One remaining question is what additional infor­mation is required by securities considerations to be included in a disclosure statement, especially in light of II U.S.C. § 1125(d) that excludes any non-bank­ruptcy law, rule, or regulation in determining what is adequate information. Courts can be expected to ad­dress that issue at the disclosure statement hearing. It would not be surprising for courts to conclude not­withstanding an exemption from registration, that it is still incumbent on the debtor to furnish most of the same general information to prospective creditors/ purchasers that such purchasers would have received had a registration statement been required. It is not suggested that securities guidelines be adopted whole­sale into the disclosure statement requirements; rather it is suggested that those guidelines are a place from which a court might select disclosure information.

To satisfy 15 U.S.C. § 77d, certain representations must be made by the buyer including that the buyer is purchasing for his/her own account only and that the purchase is being made for investment purposes only and not with a view to the distribution of the securi­ties offered. The first representation prevents hidden partnerships from participating in the offering which could have the effect of making the exemption un­available because of the number of purchasers.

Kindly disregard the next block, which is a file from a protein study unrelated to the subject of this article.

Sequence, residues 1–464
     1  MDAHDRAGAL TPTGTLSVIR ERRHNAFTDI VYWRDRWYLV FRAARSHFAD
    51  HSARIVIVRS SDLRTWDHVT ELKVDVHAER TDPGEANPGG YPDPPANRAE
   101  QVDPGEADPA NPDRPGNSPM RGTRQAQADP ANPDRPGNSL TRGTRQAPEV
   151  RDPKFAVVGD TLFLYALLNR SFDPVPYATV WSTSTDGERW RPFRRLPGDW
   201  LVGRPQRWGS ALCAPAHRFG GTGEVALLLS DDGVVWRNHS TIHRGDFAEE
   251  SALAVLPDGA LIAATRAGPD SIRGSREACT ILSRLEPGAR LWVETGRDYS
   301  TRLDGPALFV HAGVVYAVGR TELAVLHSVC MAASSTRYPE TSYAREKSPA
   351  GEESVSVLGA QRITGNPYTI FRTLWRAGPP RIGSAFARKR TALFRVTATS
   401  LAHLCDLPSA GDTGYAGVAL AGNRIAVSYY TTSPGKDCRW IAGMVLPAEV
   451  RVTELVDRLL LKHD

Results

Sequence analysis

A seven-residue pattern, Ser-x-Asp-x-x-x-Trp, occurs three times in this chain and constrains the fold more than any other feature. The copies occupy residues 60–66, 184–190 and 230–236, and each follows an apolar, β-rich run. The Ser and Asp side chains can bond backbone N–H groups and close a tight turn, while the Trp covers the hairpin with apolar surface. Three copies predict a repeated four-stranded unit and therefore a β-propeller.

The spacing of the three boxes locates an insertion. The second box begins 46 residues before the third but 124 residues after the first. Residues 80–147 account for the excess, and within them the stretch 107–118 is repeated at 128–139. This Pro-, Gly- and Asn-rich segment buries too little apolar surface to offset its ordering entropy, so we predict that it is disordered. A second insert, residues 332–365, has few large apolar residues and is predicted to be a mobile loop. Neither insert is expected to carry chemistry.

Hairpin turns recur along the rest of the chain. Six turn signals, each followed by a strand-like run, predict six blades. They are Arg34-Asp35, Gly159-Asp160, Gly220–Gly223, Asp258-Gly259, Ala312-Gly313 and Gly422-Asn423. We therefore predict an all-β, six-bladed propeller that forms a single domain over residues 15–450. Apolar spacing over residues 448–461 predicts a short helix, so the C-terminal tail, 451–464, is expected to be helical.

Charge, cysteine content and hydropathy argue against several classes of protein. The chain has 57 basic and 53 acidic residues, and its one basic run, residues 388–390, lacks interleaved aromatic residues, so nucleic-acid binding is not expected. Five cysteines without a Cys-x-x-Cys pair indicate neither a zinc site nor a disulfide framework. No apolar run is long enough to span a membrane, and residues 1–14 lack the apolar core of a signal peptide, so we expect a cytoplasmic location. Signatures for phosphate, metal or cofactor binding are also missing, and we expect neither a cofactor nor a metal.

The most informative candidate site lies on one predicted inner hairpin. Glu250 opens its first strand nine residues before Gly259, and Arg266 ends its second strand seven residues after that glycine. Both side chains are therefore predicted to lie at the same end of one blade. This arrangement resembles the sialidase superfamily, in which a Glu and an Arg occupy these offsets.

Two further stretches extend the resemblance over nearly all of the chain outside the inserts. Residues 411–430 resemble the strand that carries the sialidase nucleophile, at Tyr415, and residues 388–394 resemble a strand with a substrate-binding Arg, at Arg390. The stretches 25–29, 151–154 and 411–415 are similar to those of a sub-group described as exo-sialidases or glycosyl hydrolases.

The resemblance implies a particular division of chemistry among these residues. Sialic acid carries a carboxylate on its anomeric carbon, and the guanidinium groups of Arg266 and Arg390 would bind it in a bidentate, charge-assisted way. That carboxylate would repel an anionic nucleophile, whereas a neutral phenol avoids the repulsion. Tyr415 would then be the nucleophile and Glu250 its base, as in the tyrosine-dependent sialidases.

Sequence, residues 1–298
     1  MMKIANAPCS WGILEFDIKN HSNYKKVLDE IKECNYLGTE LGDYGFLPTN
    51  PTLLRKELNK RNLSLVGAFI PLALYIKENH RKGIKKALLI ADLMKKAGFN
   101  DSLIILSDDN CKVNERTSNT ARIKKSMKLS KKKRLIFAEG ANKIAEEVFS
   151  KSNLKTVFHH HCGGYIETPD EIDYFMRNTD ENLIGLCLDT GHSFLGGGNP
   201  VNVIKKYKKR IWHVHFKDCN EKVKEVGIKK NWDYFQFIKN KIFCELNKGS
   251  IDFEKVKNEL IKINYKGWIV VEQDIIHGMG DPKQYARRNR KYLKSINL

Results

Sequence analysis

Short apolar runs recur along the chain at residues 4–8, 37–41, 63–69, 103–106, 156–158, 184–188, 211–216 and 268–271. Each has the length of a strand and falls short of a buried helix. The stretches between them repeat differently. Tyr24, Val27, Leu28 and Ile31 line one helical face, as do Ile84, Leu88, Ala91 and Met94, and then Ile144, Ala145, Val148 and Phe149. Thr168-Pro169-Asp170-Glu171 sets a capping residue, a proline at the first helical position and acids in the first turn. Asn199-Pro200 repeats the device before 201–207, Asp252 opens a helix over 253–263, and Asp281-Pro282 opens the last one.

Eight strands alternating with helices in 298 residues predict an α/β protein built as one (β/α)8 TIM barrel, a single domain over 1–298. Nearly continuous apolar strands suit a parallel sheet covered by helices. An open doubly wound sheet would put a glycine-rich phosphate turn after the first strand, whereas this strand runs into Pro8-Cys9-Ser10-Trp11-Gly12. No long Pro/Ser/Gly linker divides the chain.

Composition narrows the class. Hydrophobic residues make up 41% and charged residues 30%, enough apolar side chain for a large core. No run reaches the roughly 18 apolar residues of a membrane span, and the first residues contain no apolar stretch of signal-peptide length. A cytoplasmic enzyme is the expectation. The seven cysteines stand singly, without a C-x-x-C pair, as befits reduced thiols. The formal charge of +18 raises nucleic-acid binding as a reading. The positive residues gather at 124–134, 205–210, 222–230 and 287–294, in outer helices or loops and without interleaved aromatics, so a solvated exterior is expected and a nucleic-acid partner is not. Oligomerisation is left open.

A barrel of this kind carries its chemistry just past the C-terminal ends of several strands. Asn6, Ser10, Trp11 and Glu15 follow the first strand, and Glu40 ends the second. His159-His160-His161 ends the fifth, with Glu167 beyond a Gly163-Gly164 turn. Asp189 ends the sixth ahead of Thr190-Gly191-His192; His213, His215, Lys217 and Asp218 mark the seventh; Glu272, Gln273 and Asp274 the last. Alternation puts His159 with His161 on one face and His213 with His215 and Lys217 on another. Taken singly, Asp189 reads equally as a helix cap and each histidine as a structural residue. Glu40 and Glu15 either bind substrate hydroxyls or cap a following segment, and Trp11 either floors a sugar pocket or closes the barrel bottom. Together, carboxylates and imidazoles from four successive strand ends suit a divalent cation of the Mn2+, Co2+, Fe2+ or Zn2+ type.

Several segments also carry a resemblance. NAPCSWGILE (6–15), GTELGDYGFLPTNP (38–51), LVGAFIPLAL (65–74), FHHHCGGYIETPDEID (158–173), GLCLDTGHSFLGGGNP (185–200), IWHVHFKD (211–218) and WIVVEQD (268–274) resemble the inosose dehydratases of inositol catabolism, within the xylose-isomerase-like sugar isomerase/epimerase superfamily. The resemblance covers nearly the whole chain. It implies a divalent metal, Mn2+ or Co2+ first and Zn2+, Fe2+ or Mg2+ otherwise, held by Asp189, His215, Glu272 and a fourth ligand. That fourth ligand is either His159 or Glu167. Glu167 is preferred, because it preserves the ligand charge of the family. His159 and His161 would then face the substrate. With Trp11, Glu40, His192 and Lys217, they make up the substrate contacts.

The private placement exemption calls for sales to be made to only highly sophisticated investors. This is established through an offeree questionnaire that inquires about the relative wealth and experience of the investor. When an offer is made to creditors can the debtor inquire about wealth and experience and reject a prospective purchaser on that basis? To main­tain the registration exemption the debtor is compelled to make such inquiries and if appropriate reject an unqualified purchaser. Further, the debtor must care­fully count the number of offerees and purchasers.

Additionally, a restrictive legend should be placed upon the securities issued by the debtor. Such a re­striction constitutes a “stop transfer” on the securi­ties.

In summary, it is unfortunate that II U.S.C. § 1145 does not provide a comprehensive safe harbor for debtors that issue securities to creditors at cramdown in a Chapter 11 case. Although the private offering exemption under federal law, Regulation D, is not available, compliance may be achieved through the initial private offering exemption under 15 U.S.C. § 77d(2). If the debtor proceeds in good faith, a lim­ited safe harbor becomes available pursuant to 11 U.S.C. § 1125(e).